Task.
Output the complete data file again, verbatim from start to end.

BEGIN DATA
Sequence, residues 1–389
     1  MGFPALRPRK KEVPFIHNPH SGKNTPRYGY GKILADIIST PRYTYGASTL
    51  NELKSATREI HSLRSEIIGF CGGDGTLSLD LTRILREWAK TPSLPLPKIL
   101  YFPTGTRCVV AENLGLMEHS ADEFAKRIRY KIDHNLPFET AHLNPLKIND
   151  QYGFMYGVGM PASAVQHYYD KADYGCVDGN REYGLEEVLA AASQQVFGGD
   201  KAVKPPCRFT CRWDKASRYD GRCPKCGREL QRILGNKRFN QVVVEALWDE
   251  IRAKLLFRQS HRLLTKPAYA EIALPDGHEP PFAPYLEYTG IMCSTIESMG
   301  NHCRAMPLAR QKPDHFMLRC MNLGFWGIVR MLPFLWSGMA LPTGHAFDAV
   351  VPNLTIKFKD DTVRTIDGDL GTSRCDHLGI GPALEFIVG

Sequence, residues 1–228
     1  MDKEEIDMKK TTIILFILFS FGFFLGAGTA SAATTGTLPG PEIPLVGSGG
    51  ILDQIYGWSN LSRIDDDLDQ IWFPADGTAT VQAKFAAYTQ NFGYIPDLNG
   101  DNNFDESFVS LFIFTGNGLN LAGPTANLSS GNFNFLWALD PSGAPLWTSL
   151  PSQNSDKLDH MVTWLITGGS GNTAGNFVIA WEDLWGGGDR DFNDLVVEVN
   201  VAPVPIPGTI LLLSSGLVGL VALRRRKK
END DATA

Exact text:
Sequence, residues 1–389
     1  MGFPALRPRK KEVPFIHNPH SGKNTPRYGY GKILADIIST PRYTYGASTL
    51  NELKSATREI HSLRSEIIGF CGGDGTLSLD LTRILREWAK TPSLPLPKIL
   101  YFPTGTRCVV AENLGLMEHS ADEFAKRIRY KIDHNLPFET AHLNPLKIND
   151  QYGFMYGVGM PASAVQHYYD KADYGCVDGN REYGLEEVLA AASQQVFGGD
   201  KAVKPPCRFT CRWDKASRYD GRCPKCGREL QRILGNKRFN QVVVEALWDE
   251  IRAKLLFRQS HRLLTKPAYA EIALPDGHEP PFAPYLEYTG IMCSTIESMG
   301  NHCRAMPLAR QKPDHFMLRC MNLGFWGIVR MLPFLWSGMA LPTGHAFDAV
   351  VPNLTIKFKD DTVRTIDGDL GTSRCDHLGI GPALEFIVG

Sequence, residues 1–228
     1  MDKEEIDMKK TTIILFILFS FGFFLGAGTA SAATTGTLPG PEIPLVGSGG
    51  ILDQIYGWSN LSRIDDDLDQ IWFPADGTAT VQAKFAAYTQ NFGYIPDLNG
   101  DNNFDESFVS LFIFTGNGLN LAGPTANLSS GNFNFLWALD PSGAPLWTSL
   151  PSQNSDKLDH MVTWLITGGS GNTAGNFVIA WEDLWGGGDR DFNDLVVEVN
   201  VAPVPIPGTI LLLSSGLVGL VALRRRKK